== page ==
If not for the Germans, our national parks would be empty

On our recent summer vacation we visited three of our greatest national parks, Zion and Bryce in Utah, and the Grand Canyon in Arizona.

However, the only thing missing from this traditional all-American vacation was Americans.


On every hiking path and overlook we encountered mostly German tourists enjoying the majestic scenery along with a few Swiss, Dutch, Japanese and French visitors.

We estimated at least 60% of the tourists at these three parks were German and about 10% were from other nations. All, regardless of age, were fit, trim, and English speaking.

Even the gangs of motorcyclists were German!

The remaining 30% were Americans.

On one occasion, after a long hike at Bryce Canyon, we were drinking cold beer on a snack bar patio surrounded by Germans of all ages, when a large tour bus pulled up and out piled about 80 people.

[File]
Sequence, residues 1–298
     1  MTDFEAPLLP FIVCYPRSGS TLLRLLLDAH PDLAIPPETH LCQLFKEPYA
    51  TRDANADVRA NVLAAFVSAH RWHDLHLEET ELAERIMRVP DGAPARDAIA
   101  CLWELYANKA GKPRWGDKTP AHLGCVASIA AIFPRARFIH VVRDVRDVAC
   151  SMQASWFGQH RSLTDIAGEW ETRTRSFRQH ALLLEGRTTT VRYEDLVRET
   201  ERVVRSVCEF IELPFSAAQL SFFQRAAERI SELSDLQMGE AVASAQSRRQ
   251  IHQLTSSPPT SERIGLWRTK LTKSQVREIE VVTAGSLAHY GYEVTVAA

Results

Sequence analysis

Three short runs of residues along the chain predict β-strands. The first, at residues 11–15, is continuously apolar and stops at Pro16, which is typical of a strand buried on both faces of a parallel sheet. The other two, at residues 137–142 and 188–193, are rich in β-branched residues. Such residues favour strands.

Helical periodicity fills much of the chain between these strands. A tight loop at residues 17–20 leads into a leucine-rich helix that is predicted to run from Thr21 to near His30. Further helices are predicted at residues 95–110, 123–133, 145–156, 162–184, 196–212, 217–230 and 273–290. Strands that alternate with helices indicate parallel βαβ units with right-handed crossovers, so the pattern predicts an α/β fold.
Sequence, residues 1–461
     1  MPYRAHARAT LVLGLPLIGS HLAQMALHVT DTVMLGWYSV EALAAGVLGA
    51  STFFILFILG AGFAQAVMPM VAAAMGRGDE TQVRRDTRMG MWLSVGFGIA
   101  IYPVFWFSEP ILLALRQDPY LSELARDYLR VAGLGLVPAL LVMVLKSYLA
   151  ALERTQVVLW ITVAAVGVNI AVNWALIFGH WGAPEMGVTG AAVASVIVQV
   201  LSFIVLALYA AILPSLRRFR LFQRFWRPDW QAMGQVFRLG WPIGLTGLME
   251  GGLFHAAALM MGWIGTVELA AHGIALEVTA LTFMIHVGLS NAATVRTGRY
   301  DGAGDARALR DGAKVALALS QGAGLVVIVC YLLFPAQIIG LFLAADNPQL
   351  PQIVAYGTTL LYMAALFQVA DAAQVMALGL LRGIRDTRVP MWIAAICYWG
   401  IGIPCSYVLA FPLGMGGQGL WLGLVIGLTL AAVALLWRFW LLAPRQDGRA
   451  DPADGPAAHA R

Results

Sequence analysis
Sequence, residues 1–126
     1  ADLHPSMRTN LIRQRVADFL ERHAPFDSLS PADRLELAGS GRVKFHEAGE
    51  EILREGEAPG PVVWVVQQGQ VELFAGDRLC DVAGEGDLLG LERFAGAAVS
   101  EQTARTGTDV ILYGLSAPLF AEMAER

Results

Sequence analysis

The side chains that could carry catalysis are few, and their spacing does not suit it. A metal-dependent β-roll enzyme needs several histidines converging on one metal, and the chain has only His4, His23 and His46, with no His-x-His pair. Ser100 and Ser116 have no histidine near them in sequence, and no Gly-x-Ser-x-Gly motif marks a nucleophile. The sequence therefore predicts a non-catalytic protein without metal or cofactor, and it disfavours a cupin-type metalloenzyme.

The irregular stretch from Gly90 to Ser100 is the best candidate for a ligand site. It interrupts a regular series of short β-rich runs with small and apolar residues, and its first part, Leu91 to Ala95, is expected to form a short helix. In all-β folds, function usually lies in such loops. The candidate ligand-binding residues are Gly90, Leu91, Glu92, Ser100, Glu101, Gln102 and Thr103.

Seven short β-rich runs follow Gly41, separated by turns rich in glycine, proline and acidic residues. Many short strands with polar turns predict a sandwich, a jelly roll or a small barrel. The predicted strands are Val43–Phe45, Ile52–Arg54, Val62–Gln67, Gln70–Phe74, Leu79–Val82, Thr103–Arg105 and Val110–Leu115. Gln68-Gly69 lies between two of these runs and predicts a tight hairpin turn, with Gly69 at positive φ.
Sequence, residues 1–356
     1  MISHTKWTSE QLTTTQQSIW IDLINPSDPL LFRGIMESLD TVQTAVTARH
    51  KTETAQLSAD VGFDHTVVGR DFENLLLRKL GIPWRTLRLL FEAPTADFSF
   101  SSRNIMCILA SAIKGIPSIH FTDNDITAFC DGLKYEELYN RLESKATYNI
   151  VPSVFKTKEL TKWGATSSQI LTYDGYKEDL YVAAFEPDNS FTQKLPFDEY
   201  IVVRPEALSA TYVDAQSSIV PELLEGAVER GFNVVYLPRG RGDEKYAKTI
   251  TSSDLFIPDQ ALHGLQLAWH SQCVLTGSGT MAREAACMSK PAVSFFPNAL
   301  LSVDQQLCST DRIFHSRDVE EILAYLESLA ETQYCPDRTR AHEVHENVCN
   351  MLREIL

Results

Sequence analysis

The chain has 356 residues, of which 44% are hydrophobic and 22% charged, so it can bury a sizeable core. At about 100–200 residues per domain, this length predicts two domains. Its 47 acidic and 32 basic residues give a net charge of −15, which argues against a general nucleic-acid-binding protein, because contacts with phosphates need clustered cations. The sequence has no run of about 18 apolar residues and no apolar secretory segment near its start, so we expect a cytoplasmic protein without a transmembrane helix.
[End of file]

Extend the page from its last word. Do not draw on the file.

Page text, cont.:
Before I heard any of them speak, their nationality was obvious due to their super-sized waistlines. It was apparent the only hiking this crowd was engaging in was a round trip from the bus to snack bar.


They were Americans of course!

During this 15-minute snack bar stop, it was the only time during our entire week at three National Parks that American tourists outnumbered their German counterparts.

If it were not for the Germans and the other international tourists, these great parks would have been virtually empty in mid-June.

We felt it was a sad commentary on our economy and the state of our nation.

Is it time for our government to consider selling these parks to Germany to help reduce our $14 trillion deficit?


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